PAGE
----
Dr. Frank Petrigliano Discusses Tommy John Surgery with SB Nation
Today’s MLB athletes play harder than ever, their bodies more explosive and precisely calibrated than those of any prior generation. With these gains in athleticism come heightened and more diverse injury risks. This past season, two former MVP frontrunners were sidelined with bizarre ailments. Mike Trout, at 27, developed painful Morton’s Neuroma. Christian Yelich fouled a ball so hard off his patella that it fractured. Thankfully, both should be prepared for the start of next season.
Not all injuries have simple recoveries. For as long as the sport has existed, athletes have been tearing the ulnar collateral ligaments in their elbows. The injury was codified under “dead arm” for most of the sport’s history until Dr. Frank Jobe performed a revolutionary reconstruction surgery in 1974. Jobe took a ligament from the non-pitching arm of all-star Tommy John and wove it through bone tunnels drilled in the elbow in a figure-eight fashion. The procedure extended the starter’s career by 14 years and 164 wins.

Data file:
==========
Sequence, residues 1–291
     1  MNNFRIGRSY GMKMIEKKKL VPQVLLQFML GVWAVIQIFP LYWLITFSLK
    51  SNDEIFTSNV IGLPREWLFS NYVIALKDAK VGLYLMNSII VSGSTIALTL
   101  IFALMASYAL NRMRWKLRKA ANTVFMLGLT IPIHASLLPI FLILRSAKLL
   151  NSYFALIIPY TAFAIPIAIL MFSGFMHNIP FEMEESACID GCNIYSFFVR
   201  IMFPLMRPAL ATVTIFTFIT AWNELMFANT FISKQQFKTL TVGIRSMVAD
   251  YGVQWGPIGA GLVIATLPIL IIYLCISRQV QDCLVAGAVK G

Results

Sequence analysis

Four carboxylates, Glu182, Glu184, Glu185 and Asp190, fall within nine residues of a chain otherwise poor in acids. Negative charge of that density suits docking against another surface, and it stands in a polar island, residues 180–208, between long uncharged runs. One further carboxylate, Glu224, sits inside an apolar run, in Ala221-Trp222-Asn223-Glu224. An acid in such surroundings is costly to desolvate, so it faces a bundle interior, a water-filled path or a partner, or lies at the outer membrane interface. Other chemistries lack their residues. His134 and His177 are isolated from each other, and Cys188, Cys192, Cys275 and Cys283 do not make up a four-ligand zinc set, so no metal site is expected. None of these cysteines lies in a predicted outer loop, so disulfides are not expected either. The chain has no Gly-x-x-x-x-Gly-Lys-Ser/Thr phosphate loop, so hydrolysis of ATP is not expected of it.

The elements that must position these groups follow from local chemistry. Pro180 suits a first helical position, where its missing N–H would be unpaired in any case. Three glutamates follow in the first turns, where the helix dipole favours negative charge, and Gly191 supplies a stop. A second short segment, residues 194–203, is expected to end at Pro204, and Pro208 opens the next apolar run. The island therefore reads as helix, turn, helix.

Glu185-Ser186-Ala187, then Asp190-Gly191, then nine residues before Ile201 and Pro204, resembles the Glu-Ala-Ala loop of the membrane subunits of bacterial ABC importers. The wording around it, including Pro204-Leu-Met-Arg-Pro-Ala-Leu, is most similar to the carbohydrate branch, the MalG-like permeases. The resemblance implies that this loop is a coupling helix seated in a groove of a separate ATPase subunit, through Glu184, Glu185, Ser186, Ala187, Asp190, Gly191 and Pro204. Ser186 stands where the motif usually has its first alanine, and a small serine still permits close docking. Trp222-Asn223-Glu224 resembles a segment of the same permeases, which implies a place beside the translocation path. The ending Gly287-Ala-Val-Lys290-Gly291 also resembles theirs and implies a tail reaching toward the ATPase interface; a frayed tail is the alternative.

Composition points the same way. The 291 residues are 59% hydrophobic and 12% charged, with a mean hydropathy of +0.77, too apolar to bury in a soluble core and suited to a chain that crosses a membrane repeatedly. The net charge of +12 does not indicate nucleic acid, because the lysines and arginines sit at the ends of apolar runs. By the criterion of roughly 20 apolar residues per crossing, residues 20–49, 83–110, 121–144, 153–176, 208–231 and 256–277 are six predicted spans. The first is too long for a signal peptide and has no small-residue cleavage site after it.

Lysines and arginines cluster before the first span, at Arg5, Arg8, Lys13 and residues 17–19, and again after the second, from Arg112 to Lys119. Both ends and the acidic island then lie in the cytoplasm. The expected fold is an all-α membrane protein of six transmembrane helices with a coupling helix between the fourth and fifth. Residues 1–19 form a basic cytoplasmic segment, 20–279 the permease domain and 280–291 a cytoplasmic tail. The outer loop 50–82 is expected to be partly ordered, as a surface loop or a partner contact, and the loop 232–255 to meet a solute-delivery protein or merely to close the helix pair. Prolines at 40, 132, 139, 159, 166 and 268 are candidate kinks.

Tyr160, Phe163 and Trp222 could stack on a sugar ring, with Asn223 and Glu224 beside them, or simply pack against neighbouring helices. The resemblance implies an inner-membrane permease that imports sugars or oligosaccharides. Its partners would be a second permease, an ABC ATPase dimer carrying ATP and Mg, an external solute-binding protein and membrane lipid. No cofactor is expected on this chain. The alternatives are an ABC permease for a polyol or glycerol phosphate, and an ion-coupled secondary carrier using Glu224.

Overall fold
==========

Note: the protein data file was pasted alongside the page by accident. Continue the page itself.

Other techniques now exist to treat UCL injuries, but none is known to be more effective than the “Jobe technique.” Still, despite the career-lengthening miracle of Tommy John surgery, recovery for pitchers is usually a process of at least a year.